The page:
Hollywood Theatre

Film Watch Weekly: A Saudi surprise, plus hot and cold running French movies

Plus: Portland's Hollywood Theater gets ready to welcome live audiences, and the Church of Film resumes its live monthly screenings

But first, a couple of re-opening news items: The Hollywood Theatre has announced that it will reopen to the public on July 2, with screenings of the highly anticipated music documentary Summer of Soul. Sounds like a feel-good title to commemorate a feel-good event. And the long-running labor of love known as the Church of Film resumed its monthly screenings this week with a showing of the 1977 Spanish transition narrative Sex Change at the Clinton Street Theater. Both are welcome indicators that things continue to move in the right direction.

The Perfect Candidate is about a doctor named Maryam, who works at a run-down, underfunded rural clinic. She decides to travel abroad to a convention and interview for a position in a larger city, but a screwup by airport security threatens to ruin her plans. In the process of asking a politically connected family friend for help, Maryam accidentally ends up registering to run for a seat on her town council. She then decides to actually do it, undertaking a crash course in electoral campaigning and emerging as a scrappy underdog.

Mila Al Zahrani in The Perfect Candidate

This outline, as well as other plot details, could easily have come from an American movie about a smart, stubborn woman who refuses to let the chauvinistic world around her keep her down. But the fact that The Perfect Candidate is a Saudi Arabian film illustrates exactly how brave and determined Maryam (Mila Al Zahrani) is. The airport security incident is prompted by the fact that all women require the permission of their male “guardian” (usually father) to travel out of the country (Maryam is heading for Dubai). It would be wrong to say that her decision to stand up to the patriarchy is any more courageous than that made by other women in other cultures, but she certainly faces longer odds than most.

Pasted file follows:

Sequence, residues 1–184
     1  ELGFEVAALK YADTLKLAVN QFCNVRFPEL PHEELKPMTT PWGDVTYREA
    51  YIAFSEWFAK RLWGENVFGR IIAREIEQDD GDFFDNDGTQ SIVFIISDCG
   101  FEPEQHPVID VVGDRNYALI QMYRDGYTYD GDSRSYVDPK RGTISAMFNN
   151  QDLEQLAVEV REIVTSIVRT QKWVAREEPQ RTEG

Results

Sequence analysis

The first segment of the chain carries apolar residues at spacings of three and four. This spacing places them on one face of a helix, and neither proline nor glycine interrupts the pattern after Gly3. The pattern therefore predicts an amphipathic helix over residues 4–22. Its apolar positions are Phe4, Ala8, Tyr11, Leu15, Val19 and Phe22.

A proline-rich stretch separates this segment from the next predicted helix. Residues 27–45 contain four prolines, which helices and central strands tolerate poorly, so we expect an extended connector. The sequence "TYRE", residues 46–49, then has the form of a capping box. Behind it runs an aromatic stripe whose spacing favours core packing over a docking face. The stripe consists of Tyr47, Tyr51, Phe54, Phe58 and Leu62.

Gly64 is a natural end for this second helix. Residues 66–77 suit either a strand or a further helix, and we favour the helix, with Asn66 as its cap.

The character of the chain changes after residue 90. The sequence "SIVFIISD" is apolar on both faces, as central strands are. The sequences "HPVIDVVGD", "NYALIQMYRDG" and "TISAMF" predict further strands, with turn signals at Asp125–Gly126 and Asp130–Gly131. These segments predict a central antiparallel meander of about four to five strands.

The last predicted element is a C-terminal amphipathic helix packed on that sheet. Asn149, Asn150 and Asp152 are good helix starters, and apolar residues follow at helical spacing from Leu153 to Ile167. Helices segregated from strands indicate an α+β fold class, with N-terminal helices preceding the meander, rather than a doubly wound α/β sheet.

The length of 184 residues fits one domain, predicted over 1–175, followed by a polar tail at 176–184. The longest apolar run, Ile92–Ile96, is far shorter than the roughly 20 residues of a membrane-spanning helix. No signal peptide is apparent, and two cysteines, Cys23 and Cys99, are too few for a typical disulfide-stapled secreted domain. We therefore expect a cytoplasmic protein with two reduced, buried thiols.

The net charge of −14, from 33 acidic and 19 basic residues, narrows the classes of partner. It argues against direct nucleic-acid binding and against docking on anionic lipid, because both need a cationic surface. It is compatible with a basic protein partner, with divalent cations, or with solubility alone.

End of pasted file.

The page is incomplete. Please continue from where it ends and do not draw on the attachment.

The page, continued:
The race is on. Ready for live events?

ArtsWatch Weekly: Ready or not, things are opening. Plus Lillian Pitt & Friends, opera breaks the mold, movie time, poetry all over

THE RACE IS ON, as George Jones famously crooned, and if it’s not pride up the backstretch and heartaches goin’ to the inside, as the song’s lyrics breathlessly declare, the stakes may be higher: Can we get the nation and world successfully vaccinated before relaxed safety standards and unchecked viral variants send us back to the starting gate? As warmer months approach, and vaccination rates improve, and people become more restless after more than a year in shutdown, the urge to get out and do things grows stronger – but is it jumping the gun? This week the state reclassified Multnomah and Clackamas counties, with a combined population of more than 1.2 million, from “moderate” to “high risk” for coronavirus. (Washington County, with a population of almost 600,000, maintained its “moderate” status.) The question is vital and controversial, and it goes beyond schools and workplaces and houses of worship and even a weekend at the coast. It has a deep and direct impact on cultural life, too.

Young blues phenom Christone “Kingfish” Ingram, from Clarksdale, Mississippi, had the crowd roaring at the 2019 Waterfront Blues Festival. The festival, a Portland July 4 Weekend tradition, was canceled in 2020 because of coronavirus restrictions but will return in July 2021 at the new Lot at Zidell Yards, south of its usual sprawling location on the downtown waterfront. This year’s acts have not yet been announced, and crowd size will be controlled. Photo: Joe Cantrell